Viewing challenging art lends meaning to life by stimulating integrative complexity

Henrik Hagtvedt, Kathleen D. Vohs

Research output: Contribution to journalArticlepeer-review

Abstract

What is the psychological value of consuming art? Four experiments tested whether and how art can lend meaning to life. This research relies on a rudimentary distinction between low art (presenting familiar objects in a simple, straightforward manner) and high art (presenting the same familiar objects with a dose of complexity). We predicted and found that high (vs. low) art elevates the sense that life has meaning, because it stimulates integrative complexity, a cognitive process in which disparate information is combined into unified, coherent representations. These integrated thoughts pique interest, leading to the sense of life’s meaningfulness. Moreover, the results of two experiments point to the psychological benefits of viewing low (vs. high) art, namely the sense that life is happy. It seems that the relative lack of complex, integrated thoughts stimulated by low art, along with facilitated processing fluency, befits positive feelings about one’s life.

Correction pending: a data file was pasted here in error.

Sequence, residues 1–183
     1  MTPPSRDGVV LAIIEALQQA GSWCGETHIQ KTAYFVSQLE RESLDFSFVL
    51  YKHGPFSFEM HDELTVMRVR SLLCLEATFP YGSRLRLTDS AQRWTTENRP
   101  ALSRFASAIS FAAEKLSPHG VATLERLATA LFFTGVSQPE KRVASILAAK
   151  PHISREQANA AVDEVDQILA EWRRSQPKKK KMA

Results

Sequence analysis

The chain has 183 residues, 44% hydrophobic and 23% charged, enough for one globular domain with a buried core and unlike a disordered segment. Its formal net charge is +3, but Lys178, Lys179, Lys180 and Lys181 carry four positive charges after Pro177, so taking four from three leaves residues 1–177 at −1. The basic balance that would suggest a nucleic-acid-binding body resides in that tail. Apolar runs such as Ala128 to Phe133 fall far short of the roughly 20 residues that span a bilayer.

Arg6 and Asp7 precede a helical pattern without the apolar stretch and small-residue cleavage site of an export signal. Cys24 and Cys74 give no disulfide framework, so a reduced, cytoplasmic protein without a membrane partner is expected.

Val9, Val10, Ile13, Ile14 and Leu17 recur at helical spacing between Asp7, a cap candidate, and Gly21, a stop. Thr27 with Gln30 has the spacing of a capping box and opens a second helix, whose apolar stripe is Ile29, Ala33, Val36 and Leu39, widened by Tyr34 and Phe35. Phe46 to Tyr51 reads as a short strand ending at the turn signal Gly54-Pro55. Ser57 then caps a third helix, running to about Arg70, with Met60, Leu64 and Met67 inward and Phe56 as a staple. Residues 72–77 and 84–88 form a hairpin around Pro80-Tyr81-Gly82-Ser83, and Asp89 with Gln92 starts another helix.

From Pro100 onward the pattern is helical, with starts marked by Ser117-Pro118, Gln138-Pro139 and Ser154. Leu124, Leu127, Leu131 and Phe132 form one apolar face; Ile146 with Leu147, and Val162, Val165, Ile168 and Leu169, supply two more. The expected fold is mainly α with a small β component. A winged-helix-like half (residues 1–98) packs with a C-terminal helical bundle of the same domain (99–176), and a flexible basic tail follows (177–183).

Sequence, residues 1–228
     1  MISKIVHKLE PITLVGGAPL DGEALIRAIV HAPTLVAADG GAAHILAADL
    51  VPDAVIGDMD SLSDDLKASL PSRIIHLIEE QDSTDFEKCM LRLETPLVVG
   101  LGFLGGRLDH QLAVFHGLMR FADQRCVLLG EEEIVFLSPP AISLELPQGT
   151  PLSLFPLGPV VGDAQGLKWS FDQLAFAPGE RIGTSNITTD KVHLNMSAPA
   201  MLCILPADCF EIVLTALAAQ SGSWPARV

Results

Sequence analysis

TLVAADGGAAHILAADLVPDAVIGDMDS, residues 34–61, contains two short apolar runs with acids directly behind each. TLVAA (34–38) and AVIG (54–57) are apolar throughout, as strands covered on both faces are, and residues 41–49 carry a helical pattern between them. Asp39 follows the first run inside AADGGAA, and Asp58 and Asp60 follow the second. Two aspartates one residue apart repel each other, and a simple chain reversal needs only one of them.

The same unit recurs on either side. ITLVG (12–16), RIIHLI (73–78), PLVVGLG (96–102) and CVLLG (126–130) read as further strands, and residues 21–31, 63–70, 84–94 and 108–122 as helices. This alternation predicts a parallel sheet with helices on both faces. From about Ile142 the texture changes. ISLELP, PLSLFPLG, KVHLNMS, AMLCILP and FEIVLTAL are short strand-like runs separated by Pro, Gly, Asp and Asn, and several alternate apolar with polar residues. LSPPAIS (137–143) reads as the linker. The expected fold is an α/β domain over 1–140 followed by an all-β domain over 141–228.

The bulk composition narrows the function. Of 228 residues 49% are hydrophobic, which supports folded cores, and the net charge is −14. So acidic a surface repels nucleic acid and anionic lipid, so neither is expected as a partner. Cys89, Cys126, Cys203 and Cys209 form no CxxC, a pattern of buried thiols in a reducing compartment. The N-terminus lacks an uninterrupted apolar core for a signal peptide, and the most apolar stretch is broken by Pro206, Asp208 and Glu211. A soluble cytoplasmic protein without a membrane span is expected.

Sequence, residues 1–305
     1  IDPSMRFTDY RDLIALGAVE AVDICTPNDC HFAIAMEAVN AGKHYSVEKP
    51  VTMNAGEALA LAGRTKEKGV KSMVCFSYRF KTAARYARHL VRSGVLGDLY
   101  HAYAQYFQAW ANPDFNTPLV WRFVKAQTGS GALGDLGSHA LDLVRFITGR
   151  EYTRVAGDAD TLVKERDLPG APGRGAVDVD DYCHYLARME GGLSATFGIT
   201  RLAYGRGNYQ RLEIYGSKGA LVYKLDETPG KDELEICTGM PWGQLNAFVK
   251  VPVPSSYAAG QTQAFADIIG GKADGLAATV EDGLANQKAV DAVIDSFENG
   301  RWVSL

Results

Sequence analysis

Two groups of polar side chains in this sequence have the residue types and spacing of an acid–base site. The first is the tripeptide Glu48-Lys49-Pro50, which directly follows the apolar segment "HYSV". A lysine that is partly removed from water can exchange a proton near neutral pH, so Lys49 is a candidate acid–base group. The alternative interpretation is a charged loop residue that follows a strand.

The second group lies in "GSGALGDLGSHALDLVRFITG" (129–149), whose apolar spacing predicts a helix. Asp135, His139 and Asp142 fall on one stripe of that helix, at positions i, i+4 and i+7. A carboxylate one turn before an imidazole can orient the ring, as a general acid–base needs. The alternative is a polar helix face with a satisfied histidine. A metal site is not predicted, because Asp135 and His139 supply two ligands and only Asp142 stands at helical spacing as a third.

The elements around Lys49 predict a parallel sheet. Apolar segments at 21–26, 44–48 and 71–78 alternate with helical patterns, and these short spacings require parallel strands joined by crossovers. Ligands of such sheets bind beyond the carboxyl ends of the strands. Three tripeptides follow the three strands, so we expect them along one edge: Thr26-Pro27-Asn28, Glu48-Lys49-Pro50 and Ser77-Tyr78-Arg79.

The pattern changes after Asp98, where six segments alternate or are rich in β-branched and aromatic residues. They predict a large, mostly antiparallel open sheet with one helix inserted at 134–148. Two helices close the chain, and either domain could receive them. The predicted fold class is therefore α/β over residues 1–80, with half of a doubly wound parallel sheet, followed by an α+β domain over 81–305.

Original languageEnglish (US)
JournalJournal of Positive Psychology
DOIs
StateAccepted/In press - 2021

Bibliographical note

Publisher Copyright:
© 2021 Informa UK Limited, trading as Taylor & Francis Group.

Keywords

  • Art
  • happiness
  • integrative complexity
  • meaning
  • processing fluency

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